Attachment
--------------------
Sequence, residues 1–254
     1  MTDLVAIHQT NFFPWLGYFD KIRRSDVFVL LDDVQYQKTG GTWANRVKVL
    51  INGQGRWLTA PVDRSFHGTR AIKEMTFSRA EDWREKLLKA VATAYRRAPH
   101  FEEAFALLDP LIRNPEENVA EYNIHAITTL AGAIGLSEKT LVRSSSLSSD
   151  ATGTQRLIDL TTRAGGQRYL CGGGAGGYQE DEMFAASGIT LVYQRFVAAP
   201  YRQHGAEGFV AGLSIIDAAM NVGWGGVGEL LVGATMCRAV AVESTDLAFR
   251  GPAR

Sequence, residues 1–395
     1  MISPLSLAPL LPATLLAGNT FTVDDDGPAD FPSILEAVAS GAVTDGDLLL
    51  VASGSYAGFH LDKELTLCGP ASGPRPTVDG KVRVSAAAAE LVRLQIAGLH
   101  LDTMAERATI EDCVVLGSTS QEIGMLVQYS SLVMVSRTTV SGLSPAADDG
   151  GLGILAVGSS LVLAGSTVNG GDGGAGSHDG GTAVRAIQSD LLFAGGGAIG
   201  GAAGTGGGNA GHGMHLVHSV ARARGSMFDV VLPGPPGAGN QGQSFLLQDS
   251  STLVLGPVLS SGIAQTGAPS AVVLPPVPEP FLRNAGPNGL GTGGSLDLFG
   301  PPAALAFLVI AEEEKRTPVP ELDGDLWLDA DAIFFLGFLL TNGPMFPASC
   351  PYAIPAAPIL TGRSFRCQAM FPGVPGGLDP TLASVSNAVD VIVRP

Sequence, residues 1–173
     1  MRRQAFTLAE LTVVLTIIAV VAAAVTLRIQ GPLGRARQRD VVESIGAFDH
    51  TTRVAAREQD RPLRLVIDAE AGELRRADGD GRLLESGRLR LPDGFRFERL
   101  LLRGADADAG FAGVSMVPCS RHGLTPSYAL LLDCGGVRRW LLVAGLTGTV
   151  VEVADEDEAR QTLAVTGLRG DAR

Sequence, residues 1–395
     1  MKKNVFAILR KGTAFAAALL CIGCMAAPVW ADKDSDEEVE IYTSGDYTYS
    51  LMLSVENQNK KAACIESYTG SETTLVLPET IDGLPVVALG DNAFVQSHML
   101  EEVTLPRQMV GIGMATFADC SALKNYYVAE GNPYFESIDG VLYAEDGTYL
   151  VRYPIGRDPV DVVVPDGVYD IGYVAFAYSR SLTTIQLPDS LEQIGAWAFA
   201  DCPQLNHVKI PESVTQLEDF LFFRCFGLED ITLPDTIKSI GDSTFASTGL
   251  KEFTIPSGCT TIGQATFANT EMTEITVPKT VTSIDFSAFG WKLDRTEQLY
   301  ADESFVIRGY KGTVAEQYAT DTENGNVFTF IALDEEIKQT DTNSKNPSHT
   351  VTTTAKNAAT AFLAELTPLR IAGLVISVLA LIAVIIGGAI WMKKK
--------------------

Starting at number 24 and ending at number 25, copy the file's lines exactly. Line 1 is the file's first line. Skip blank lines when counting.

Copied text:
    51  LMLSVENQNK KAACIESYTG SETTLVLPET IDGLPVVALG DNAFVQSHML
   101  EEVTLPRQMV GIGMATFADC SALKNYYVAE GNPYFESIDG VLYAEDGTYL